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Grace Davie - Critical Thinkers in Religion, Law and Social Theory

Thu, March 07, 2013

Grace Davie

University of Ottawa, Simard 125
4:00 - 6:30pm

Title: A European Perspective on Religion and Welfare:  Connections, Reflections and Extensions

Abstract: This presentation draws on a recently completed project on religion and welfare in eight European societies (Sweden, Finland, Norway, England,Germany, France, Italy and Greece). It starts by setting out the ideas of two key theorists:  Gøsta Esping-Andersen and David Martin.  Esping-Andersen’s work provides a touchstone for the understanding of welfare regimes; Martin’s work is equally well-known in the sociology of religion.  Seldom, however, are the two perspectives brought together. A combination of the two approaches permits a cogent comparative perspective.  All West European societies are faced with the same dilemmas regarding the provision of welfare and all of them, to a greater or lesser extent, are considering alternatives to the state for the effective delivery of services.  These alternatives include the churches.  Each society, however, has to face these questions within the parameters set by the past:  what is, or is not, possible varies from place to place.  It is well-known that the institutional separations of welfare and religion across Europe were dependent on key historical factors; it is less frequently realized that the same is true in terms of the options currently available.  Such a statement has crucial implications for policy, a point that will be illustrated from the case studies covered in the project.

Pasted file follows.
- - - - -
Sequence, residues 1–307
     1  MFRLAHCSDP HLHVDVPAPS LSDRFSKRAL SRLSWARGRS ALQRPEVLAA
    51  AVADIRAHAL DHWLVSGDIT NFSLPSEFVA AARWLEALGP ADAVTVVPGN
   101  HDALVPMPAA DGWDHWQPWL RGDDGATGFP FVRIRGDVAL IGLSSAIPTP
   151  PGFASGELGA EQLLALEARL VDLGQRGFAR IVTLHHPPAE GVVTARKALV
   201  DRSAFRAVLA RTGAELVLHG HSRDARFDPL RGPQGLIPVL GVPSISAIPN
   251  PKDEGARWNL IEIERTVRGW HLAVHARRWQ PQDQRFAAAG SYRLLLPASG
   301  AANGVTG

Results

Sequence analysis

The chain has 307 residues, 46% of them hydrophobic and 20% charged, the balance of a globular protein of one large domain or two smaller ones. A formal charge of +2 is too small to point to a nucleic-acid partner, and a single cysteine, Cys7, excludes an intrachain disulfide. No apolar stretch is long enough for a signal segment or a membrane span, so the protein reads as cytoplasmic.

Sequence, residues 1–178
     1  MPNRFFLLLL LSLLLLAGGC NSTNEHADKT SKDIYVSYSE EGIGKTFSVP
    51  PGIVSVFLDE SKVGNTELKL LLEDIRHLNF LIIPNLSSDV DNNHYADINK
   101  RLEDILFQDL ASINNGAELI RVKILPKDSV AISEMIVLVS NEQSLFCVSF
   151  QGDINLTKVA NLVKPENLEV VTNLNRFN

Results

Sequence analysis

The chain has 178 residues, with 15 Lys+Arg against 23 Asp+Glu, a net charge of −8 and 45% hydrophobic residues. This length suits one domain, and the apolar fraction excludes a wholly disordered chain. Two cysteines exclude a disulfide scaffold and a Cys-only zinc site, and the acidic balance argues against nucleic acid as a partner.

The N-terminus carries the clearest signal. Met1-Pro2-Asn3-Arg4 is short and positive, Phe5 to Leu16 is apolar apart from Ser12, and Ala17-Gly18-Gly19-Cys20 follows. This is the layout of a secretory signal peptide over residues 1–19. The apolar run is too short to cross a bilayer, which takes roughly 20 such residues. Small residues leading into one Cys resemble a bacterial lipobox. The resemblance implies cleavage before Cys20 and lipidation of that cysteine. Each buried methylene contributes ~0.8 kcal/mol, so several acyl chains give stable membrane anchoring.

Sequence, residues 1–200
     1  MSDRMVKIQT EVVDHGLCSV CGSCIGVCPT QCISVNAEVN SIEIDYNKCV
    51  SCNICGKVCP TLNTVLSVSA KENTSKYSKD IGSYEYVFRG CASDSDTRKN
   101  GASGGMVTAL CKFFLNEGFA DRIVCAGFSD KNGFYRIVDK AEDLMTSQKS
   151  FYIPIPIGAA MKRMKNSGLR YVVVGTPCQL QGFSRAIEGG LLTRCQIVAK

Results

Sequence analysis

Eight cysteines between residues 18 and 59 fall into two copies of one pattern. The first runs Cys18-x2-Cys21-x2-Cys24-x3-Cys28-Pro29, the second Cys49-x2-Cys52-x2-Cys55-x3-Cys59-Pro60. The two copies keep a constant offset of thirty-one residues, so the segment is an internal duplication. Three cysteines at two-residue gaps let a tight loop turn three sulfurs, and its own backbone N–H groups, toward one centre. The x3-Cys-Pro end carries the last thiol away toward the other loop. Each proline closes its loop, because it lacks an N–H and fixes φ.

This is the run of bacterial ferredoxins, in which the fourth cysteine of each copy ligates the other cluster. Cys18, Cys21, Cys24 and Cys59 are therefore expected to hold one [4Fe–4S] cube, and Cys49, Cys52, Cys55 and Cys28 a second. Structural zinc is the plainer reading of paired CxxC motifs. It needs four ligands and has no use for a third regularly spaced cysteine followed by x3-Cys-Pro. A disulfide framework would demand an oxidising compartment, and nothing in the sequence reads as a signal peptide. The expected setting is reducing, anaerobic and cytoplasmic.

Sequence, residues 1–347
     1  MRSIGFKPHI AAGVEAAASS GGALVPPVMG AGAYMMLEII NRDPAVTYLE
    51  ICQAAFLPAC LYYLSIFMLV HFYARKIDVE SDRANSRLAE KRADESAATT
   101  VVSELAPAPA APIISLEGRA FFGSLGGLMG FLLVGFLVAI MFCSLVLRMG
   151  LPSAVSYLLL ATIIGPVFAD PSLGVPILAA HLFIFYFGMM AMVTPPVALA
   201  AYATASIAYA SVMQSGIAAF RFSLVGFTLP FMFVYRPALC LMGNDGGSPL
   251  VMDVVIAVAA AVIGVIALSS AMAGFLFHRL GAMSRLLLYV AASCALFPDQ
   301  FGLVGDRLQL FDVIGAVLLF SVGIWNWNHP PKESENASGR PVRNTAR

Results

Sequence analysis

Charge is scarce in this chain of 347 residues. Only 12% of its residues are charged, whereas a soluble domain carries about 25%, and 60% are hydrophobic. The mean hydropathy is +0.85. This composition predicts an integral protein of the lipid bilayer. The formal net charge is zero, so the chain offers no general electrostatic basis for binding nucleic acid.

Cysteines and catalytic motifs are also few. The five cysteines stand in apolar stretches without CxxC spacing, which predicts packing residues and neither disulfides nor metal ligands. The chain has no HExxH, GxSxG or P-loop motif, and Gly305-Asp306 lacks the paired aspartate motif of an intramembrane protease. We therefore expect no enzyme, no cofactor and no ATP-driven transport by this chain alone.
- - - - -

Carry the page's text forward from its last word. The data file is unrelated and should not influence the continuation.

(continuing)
Bio: Grace Davie is professor of sociology at the University of Exeter. Her research interests lie in the sociology of religion, with a particular emphasis on patterns of religion in Europe. She is also interested in the new theoretical paradigms that are emerging in the field – not least the notion of ‘multiple modernities’. How are we to make sense of the growing significance of religion in the modern world with tools and concepts that have emerged (largely) from the 'exceptional' European case? Her publications include Religion in Modern Europe: A Memory Mutates (Oxford University Press, 2000); The Sociology of Religion (Sage, 2007); she is co-author of Religious America, Secular Europe: A Theme and Variations (Ashgate 2008). She has also been co-director of several research projects including “Welfare and Religion in a European Perspective, 2006-06” and “Welfare and Values in European Societies, 2006-09”.

Please click here to access Grace Davie's presentation.

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